Berlin electronica pioneer dead at 70

Edgar Froese, whose band Tangerine Dream crafted the ambient sound that set the stage for generations of electronic artists, has died at 70.

Berlin electronica pioneer dead at 70
Edgar Froese in 2006. Photo: Tim Brakemeier/DPA

Trained as a sculptor, the German multi-instrumentalist shocked the musical world in the early 1970s by using synthesizers to generate a trance-like but minimalist atmosphere that had only passing connections to the rock sound that then dominated the airwaves.

His son Jerome Froese, who later joined him in the band, said that his father died unexpectedly from a pulmonary embolism while in Vienna on Tuesday.

"Edgar once said, 'There is no death, there is just a change of our cosmic address.' Edgar, this is a little comfort to us," a statement from the band said.

Froese was born in what is now the Russian city of Sovietsk on June 6, 1944 – the same day as the D-Day invasion – and has described growing up in a cosmopolitan post-World War II German cultural sphere in which he felt little attachment to national identity.

Froese studied art in West Berlin but his formative experience came in 1967 when he was invited to perform with an earlier band in Spain at the villa of the painter Salvador Dali, one of his heroes, and became convinced to take his music in a similarly surreal direction.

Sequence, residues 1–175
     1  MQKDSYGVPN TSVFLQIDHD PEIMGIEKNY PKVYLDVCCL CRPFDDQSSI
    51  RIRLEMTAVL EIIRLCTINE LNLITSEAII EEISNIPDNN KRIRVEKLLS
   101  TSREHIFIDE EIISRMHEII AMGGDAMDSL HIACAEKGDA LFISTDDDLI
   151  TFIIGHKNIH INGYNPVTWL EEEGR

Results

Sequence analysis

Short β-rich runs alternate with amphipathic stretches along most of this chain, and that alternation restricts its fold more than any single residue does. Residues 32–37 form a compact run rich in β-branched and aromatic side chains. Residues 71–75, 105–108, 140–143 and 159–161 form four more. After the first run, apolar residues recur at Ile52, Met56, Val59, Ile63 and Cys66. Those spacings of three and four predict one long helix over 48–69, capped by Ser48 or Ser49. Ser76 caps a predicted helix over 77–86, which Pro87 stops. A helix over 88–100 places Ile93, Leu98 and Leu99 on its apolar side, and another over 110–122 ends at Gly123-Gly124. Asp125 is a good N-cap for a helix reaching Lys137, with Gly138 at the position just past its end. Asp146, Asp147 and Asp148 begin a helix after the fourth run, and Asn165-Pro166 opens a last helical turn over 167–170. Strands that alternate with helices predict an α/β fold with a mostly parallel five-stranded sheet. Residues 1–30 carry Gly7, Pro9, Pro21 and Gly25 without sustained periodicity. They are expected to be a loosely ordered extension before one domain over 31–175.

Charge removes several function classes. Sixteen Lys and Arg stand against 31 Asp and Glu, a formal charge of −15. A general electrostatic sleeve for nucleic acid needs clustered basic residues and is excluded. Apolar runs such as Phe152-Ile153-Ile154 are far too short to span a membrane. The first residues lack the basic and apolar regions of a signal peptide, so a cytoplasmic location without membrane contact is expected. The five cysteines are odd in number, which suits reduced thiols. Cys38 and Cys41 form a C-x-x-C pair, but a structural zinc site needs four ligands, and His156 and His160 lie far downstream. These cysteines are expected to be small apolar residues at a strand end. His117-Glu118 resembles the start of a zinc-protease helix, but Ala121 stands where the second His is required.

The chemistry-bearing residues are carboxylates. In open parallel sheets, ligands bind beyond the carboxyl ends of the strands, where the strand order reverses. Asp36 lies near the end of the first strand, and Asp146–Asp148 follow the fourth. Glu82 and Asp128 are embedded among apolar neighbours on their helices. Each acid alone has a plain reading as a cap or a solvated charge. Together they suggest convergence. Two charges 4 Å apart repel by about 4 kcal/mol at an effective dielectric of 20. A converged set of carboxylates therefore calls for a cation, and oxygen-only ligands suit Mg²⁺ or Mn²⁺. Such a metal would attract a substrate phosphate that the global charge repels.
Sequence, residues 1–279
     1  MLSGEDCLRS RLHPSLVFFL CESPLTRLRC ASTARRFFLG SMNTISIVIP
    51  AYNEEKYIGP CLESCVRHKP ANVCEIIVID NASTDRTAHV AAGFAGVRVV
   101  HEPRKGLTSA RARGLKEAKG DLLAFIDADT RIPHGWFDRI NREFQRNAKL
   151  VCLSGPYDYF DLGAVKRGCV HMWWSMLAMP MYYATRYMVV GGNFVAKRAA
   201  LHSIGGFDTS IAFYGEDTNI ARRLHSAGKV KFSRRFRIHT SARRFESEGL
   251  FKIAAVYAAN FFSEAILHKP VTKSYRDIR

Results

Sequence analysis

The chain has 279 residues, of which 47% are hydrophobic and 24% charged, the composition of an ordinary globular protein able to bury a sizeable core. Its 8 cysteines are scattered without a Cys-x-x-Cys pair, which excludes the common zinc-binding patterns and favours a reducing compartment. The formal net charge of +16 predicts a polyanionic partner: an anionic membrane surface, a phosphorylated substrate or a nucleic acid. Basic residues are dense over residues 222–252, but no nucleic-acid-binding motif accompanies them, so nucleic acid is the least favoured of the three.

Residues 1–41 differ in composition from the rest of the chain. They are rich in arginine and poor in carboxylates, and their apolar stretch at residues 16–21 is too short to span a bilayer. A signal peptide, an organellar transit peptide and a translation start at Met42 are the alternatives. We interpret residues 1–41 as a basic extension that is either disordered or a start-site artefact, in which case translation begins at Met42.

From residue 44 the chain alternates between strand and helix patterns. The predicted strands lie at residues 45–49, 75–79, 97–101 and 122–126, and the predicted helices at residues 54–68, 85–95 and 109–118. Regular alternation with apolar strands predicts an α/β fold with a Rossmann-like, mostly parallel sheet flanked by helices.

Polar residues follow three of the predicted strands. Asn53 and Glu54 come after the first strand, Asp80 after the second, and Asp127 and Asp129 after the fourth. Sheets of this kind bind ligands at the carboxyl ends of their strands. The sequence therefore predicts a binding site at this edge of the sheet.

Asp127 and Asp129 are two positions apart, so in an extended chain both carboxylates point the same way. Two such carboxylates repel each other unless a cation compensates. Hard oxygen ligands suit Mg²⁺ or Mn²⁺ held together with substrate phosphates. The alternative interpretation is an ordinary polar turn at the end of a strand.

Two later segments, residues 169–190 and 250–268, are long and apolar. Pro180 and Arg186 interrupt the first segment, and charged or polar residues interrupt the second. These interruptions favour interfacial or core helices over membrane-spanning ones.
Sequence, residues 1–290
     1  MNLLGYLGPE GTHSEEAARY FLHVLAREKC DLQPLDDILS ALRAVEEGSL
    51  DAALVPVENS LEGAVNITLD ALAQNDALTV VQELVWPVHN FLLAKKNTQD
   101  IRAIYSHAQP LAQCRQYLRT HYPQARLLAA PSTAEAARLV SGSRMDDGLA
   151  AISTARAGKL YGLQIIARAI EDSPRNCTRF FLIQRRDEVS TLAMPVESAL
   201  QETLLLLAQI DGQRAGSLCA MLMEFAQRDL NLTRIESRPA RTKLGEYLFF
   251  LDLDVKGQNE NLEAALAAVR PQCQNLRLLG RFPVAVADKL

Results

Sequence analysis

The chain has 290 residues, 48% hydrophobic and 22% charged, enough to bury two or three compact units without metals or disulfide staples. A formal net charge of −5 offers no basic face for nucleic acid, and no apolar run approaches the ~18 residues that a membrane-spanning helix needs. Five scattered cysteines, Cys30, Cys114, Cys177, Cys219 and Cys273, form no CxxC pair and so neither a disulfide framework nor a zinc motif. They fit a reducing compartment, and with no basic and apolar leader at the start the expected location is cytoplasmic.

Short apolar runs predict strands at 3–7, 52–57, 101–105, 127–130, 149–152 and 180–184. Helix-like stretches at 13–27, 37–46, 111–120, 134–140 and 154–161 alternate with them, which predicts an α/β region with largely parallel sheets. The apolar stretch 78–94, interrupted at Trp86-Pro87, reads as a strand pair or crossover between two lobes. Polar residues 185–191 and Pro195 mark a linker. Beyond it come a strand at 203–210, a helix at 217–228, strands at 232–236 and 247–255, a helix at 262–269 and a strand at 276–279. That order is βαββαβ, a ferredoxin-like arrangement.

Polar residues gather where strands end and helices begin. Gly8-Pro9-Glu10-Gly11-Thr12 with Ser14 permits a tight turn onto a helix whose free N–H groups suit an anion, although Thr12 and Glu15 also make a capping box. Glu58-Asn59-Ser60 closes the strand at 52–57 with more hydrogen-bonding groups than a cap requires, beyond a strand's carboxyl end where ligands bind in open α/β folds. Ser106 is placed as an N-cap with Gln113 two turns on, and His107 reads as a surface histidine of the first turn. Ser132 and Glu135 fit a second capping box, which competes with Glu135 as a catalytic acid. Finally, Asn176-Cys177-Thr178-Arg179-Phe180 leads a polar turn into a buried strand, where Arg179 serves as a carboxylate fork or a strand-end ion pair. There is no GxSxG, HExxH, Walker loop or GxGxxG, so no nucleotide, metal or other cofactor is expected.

In an interview years later, Froese said that Dali taught him that "nearly everything is possible in art as long as you have a strong belief in what you're doing".

"His philosophy of being as original and authentic as possible had touched me very intensively at that time," Froese told the British online magazine The Quietus.

He linked up with fellow Berlin musicians to form Tangerine Dream – the exact inspiration for the band name was unclear – and initially pursued a musical direction in line with some of the more philosophical rock artists of the day including Pink Floyd and Jimi Hendrix.

'Godfather of trance'

Tangerine Dream enjoyed a break when it caught the attention of John Peel, the British radio presenter who for years was one of pop music's premier tastemakers, and the band was soon signed by the then-upstart Virgin label of Richard Branson.

Virgin Records gave Tangerine Dream free rein in the studio and the result was 1974's "Phaedra," which became one of electronica's seminal works.